Increasingly, northern states began to provide instructions on how to handle refugees from slavery. States like Pennsylvania, New Jersey, and New York passed laws that attempted to balance legal protections for fugitive slaves with the constitutional claims of slaveholders. Slaveholders protested, claiming that the added burdens of legal process had the practical effect of delaying or denying them their constitutional right to their property.
And the Supreme Court agreed. In Prigg v. Pennsylvania (1842), the Court cemented the principle of dual sovereignty in constitutional law. Fugitive slaves (like immigrants and refugees today) were deemed a matter of federal, rather than state, interest. This meant that the states could pass no laws, whether ones protecting the legal rights of fugitive slaves or aiding in their removal. But on the same constitutional principle, the Court reaffirmed that Congress could not compel state officers to enforce federal law.
Prigg v. Pennsylvania proved a pyrrhic victory for slaveholders. States might not have been able to protect refugees from slavery, but they could, and did, withdraw state cooperation. This meant that city constables and county sheriffs were instructed not to arrest suspected fugitive slaves, that state jails were closed to federal marshals who had fugitives in their custody, and that state judges would refuse to issue warrants or certificates of removal. Into the breech stepped free blacks and their white abolitionist allies, who organized protective societies and became increasingly bold in their opposition to federal law enforcement. Sanctuary cities became like fortresses.
Congress responded in 1850 by passing a new Fugitive Slave Act that vastly increased the powers of federal marshals, judges, and commissioners specially appointed to handle fugitive slaves. The law was grossly proslavery and passed as part of a legislative package designed to paper over the fissures between North and South. It had the practical effect, however, of polarizing the country. Northerners set their teeth against the law. Citizens lent their homes and carriages to the protection of refugees. Vigilance societies outed slavecatchers, making it impossible for them to operate in secret. When a federal marshal nabbed fugitive slaves, hundreds (even thousands) of protesters turned out to the courthouses where they were held. Whole sections of Milwaukee, Chicago, New York City and Boston became no-go zones for slavecatchers. Federal attempts to enforce the law ran up against a simple numbers problem—they didn’t have enough boots on the ground to withstand massive popular resistance. Slaveholders simply said “I told you so.” They had always held that federal law was impotent without state support. They were right, and the southern states cited northern shielding of refugees from slavery in their declarations of the causes of secession in the winter of 1860-61.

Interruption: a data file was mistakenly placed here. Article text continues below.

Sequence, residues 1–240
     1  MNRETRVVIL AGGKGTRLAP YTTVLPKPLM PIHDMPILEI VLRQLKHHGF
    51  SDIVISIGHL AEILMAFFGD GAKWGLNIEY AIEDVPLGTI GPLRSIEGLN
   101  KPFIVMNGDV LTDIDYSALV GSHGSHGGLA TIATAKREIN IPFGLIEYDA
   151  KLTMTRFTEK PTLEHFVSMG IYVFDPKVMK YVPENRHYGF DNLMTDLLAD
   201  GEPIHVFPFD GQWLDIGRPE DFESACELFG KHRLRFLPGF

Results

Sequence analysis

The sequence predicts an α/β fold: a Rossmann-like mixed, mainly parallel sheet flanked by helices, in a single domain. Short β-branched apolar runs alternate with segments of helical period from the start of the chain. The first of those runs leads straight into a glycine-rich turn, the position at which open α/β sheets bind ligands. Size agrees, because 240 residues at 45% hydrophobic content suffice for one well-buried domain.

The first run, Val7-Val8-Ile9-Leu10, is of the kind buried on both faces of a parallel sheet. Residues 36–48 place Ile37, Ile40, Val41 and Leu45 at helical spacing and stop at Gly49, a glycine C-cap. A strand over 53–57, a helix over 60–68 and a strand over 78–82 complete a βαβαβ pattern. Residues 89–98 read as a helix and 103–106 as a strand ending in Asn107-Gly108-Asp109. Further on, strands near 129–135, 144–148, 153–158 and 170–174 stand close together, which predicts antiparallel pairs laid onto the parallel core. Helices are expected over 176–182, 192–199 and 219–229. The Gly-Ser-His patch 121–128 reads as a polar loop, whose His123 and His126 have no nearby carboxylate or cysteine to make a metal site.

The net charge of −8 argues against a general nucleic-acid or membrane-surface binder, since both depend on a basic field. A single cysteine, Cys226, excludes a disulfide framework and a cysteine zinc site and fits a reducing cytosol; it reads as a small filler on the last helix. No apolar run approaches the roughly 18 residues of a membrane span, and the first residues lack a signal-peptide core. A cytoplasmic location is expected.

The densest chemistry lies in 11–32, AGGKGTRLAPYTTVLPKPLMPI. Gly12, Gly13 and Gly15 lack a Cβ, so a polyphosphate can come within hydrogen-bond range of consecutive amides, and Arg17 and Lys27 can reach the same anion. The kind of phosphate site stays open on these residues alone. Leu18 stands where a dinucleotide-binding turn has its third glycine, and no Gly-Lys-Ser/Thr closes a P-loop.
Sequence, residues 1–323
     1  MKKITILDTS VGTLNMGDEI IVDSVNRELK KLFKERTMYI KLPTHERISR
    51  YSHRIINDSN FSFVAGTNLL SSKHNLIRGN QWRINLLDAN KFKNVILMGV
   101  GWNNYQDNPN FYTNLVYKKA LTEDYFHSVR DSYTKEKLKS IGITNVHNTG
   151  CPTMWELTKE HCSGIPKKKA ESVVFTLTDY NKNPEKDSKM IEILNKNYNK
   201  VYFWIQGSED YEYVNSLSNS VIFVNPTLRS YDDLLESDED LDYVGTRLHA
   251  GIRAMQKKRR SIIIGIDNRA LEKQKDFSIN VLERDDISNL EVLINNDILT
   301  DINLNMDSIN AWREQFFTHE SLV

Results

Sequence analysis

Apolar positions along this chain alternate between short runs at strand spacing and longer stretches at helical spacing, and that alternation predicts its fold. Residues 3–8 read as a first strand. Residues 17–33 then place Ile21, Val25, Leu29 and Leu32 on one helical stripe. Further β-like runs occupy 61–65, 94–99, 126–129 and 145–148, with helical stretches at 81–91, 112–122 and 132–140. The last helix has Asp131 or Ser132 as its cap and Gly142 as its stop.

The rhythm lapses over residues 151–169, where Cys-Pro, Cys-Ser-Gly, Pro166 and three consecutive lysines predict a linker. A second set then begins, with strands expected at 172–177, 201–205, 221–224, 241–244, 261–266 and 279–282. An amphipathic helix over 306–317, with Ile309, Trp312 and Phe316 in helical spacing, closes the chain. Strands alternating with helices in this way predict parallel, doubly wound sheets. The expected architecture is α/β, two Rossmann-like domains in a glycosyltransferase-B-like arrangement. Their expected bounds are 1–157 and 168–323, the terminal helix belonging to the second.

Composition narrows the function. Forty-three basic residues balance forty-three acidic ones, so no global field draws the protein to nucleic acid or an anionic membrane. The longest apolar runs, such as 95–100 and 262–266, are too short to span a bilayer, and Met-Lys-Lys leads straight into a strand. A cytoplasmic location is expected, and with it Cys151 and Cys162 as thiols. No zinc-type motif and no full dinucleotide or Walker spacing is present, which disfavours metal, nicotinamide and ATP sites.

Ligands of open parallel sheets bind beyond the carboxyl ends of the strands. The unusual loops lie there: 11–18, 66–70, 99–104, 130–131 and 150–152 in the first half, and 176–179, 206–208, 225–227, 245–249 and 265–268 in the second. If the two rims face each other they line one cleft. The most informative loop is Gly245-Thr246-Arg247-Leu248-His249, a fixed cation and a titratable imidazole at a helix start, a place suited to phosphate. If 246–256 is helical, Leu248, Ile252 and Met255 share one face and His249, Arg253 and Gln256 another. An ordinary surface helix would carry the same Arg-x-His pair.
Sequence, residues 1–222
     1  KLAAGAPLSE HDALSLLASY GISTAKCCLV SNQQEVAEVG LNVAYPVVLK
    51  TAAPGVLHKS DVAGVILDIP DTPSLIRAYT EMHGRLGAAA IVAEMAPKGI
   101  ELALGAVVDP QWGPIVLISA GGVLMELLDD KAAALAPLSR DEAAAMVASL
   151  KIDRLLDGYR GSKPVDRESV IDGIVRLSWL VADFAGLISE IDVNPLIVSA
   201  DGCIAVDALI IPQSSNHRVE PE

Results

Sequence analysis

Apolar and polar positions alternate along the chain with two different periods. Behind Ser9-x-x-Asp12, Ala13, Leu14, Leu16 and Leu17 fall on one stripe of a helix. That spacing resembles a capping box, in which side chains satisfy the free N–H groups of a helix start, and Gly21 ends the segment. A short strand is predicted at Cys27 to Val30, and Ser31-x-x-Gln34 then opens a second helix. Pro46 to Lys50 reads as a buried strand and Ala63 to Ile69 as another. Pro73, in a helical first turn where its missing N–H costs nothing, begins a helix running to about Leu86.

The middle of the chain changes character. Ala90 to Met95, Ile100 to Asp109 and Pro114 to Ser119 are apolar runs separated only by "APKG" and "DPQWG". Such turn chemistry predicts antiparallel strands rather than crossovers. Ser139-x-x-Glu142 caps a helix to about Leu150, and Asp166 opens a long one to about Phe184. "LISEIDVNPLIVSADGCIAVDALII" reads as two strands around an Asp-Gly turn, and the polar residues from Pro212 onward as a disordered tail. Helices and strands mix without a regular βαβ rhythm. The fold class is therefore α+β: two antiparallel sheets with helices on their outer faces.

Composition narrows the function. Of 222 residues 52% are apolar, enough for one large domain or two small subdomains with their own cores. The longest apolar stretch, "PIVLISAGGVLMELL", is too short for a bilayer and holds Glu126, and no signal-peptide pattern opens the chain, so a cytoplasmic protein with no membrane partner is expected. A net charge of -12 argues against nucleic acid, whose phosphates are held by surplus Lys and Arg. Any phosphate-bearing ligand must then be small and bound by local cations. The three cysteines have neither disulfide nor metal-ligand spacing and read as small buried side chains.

It is deceptively easy to apply this bit of history analogically to our modern day sanctuary cities, to point out the connections between the slavecatchers of yore and Trump’s anti-immigrant minions today. After all, both hunted the weak and the vulnerable, both privileged law and order over individual liberty, and both laughed down humanitarian concerns. There are other similarities as well. Slaveholders and northern doughfaces condemned their opponents as bleeding hearts. They characterized fugitive slaves as dangerous criminals. And they generally reacted hysterically, exaggerating threats and otherwise ignoring reason.
But it is also grossly unfair to compare anyone in today’s politics to slaveholders. Such invidious comparisons can only be used to end conversations, not to engage in them. The real lesson, for today’s purposes, lies in the constitutional processes embedded in federalism. The use of state resources to frustrate federal power (and vice versa) is a perennial feature of our constitutional system. Southerners who resisted Brown v. Board of Education (1954) mobilized state institutions to oppose the federal government’s drive to secure equal access to educational institutions. Prolife activists have made a living out of commanding state resources to frustrate the enforcement of Roe v. Wade (1973). More recently, opponents of gay marriage have attempted to subvert Obergefell v. Hodges (2015) by unleashing the fury of Roy Moore and Kim Davis.